All 32 patients had successful fiducial placement under EUS guidance. The mean number of fiducials placed per patient was 2.94±0.24 (range, 2 to 3 seeds). Spontaneous fiducial migration was noted in one patient (3.1%). Of the 32 patients with fiducials placed, 29 patients (90.6%) successfully underwent SBRT. One patient (3.1%) developed mild pancreatitis, requiring a 2-day prolonged hospitalization after fiducial placement. Five patients (15.6%) underwent same-session, EUS-guided fine needle aspiration for histologic confirmation at the time of fiducial placement, without any procedure-related complication.
EUS-guided fiducial placement is a safe and technically feasible technique for preparing patients with both pancreatic and hepatic malignancies for SBRT. The fiducial markers facilitate safe and accurate targeting of the tumor during SBRT.
PMCID: PMC3916693  PMID: 24516706
Fiducial markers; Endosonography; Radiosurgery; Pancreatic neoplasms; Liver neoplasms
20.  Histological Changes in the Bile Duct after Long-Term Placement of a Fully Covered Self-Expandable Metal Stent within a Common Bile Duct: A Canine Study 
Clinical Endoscopy  2014;47(1):84-93.
To date, it has been difficult to determine the optimal stenting duration of a fully covered self-expandable metal stent (FCSEMS) in a benign biliary stricture. The purpose of this study was to identify the histopathological changes in a bile duct resulting from long-term placement of a FCSEMS.
An FCSEMS was inserted into the common bile duct of 12 canines, and the animals were divided into four groups. Posteuthanasia, necropsy was performed to examine the histopathological changes in the bile ducts after 1, 3, 6, and 9 months.
The results of necropsy showed that the covered membranes of the FCSEMSs were intact and easily removed from the bile ducts in 11 of the canines. Severe epithelial hyperplasia of the stented bile duct and epithelial ingrowth into the stent occurred in one animal (from the 3-month group). On histopathological examination, mild inflammatory changes were observed in the stented bile ducts, and there was no significant difference between the four groups. Among the 12 animals, five had de novo stricture.
An FCSEMS can be inserted into the bile duct without severe histopathological changes up until 9 months. However, a de novo stricture and severe epithelial hyperplasia relating to the stent insertion might occur.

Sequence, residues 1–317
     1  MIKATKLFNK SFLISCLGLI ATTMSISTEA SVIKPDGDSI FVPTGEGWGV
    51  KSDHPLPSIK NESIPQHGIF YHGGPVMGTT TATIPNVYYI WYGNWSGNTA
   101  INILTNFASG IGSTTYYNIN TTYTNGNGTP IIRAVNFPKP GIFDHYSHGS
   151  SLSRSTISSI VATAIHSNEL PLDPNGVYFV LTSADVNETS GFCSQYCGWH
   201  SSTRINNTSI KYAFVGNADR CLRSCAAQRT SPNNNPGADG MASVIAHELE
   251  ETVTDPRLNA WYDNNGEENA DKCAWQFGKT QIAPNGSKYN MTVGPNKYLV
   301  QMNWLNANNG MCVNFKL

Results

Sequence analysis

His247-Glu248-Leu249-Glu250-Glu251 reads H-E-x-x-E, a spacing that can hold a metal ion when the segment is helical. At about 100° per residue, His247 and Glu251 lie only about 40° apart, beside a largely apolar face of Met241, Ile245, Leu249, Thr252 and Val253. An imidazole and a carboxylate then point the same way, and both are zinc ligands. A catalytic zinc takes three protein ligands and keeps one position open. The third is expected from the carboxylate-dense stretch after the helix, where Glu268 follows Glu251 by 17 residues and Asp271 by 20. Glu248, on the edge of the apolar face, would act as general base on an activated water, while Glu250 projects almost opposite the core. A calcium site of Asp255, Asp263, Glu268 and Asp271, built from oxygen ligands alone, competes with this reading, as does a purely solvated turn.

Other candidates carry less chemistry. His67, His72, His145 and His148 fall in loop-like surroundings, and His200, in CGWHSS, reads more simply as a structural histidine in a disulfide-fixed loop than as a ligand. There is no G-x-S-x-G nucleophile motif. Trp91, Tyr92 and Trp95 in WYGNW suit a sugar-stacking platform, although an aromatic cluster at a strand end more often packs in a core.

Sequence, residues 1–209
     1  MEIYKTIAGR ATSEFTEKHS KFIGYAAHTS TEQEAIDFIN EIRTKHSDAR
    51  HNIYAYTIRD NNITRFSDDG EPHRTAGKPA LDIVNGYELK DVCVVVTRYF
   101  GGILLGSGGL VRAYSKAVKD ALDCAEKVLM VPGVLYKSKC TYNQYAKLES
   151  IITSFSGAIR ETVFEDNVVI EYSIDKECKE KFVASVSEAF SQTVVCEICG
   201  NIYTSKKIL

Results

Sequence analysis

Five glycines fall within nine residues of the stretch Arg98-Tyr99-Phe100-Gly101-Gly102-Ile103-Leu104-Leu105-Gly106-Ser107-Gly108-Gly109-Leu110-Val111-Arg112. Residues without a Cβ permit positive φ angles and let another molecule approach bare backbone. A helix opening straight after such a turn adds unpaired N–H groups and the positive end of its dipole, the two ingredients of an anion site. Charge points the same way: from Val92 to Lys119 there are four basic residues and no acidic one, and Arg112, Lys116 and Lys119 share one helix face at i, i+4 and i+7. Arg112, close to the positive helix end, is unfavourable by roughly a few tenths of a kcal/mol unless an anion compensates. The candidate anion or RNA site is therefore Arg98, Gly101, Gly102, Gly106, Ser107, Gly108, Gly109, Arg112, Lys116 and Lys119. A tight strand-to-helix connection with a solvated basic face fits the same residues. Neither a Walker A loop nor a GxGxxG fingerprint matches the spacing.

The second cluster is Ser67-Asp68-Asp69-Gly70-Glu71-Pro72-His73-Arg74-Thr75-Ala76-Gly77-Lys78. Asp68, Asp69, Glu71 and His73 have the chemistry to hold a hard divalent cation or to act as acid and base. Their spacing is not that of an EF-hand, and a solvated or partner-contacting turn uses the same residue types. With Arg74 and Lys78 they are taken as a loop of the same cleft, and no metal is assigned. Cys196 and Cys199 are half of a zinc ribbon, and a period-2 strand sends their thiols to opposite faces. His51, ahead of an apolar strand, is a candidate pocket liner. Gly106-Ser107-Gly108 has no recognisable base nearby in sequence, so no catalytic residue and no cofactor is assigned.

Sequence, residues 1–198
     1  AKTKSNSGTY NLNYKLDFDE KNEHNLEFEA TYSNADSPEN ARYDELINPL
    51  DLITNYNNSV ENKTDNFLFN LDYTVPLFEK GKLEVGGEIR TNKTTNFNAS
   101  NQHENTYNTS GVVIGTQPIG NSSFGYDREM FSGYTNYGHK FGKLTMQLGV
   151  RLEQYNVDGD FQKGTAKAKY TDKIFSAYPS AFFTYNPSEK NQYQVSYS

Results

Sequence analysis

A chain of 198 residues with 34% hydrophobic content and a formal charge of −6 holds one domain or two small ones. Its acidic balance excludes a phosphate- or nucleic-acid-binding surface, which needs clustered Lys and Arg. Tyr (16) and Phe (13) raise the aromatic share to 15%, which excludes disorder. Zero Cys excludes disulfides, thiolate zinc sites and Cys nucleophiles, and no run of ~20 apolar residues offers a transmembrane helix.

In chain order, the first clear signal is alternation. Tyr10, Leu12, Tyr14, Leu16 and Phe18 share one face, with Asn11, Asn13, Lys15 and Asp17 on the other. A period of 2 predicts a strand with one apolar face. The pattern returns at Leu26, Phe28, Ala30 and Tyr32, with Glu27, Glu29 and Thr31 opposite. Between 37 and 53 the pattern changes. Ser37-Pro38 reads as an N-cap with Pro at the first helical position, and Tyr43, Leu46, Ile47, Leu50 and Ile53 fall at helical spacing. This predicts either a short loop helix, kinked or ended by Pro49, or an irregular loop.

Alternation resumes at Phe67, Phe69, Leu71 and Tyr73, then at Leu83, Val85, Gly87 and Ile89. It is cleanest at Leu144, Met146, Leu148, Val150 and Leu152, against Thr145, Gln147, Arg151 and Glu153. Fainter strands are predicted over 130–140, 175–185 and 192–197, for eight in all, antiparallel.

PMCID: PMC3928498  PMID: 24570888
Stents; Common bile duct; Common bile duct disease; Cholangiopancreatography, endoscopic retrograde; Dogs
21.  Comparison between Midazolam Used Alone and in Combination with Propofol for Sedation during Endoscopic Retrograde Cholangiopancreatography 
Clinical Endoscopy  2014;47(1):94-100.
Endoscopic retrograde cholangiopancreatography (ERCP) is an uncomfortable procedure that requires adequate sedation for its successful conduction. We investigated the efficacy and safety of the combined use of intravenous midazolam and propofol for sedation during ERCP.
A retrospective review of patient records from a single tertiary care hospital was performed. Ninety-four patients undergoing ERCP received one of the two medication regimens, which was administered by a nurse under the supervision of a gastroenterologist. Patients in the midazolam (M) group (n=44) received only intravenous midazolam, which was titrated to achieve deep sedation. Patients in the midazolam pulse propofol (MP) group (n=50) initially received an intravenous combination of midazolam and propofol, and then propofol was titrated to achieve deep sedation.
The time to the initial sedation was shorter in the MP group than in the M group (1.13 minutes vs. 1.84 minutes, respectively; p<0.001). The recovery time was faster in the MP group than in the M group (p=0.031). There were no significant differences between the two groups with respect to frequency of adverse events, pain experienced by the patient, patient discomfort, degree of amnesia, and gag reflex. Patient cooperation, rated by the endoscopist as excellent, was greater in the MP group than in the M group (p=0.046).
The combined use of intravenous midazolam and propofol for sedation during ERCP is more effective than midazolam alone. There is no difference in the safety of the procedure.
PMCID: PMC3928499  PMID: 24570889
Propofol; Midazolam; Cholangiopancreatography, endoscopic retrograde; Conscious sedation
22.  The Performance of Multiple Transgastric Procedures Using the Natural Orifice Transluminal Endoscopic Surgery Technique: Is Pure NOTES Satisfactory? 
Gut and Liver  2012;6(4):457-463.
Although several groups have demonstrated the usefulness of natural orifice transluminal endoscopic surgery (NOTES), there is still concern about frequent serious adverse events. We performed this study to determine the technical feasibility and safety of pure NOTES with a transgastric approach in a porcine model from the endoscopist's point of view.
Diagnostic peritoneoscopy, liver biopsy, salpingo-oophorectomy, and Fallopian tube ligation with a transgastric approach using a two-channel therapeutic endoscope were performed in 10 healthy female minipigs. These procedures were performed in two acute models and eight survival models in consecutive order.
The technical success rate was 100% for peritoneoscopy (10/10), liver biopsy (5/5), salpingo-oophorectomy (10/10), and Fallopian tube ligation (10/10). Eight cases of adverse events occurred, including one case of splenic injury, one case of bleeding after liver biopsy, two cases of small bowel adhesion after salpingo-oophorectomy, two cases of hematoma at the salphingo-oophorectomy site, and two cases of partial dehiscence at the gastric closure site. The gastric puncture site was closed with seven to eight hemoclips in four cases and two hemoclips and an endoloop in four cases.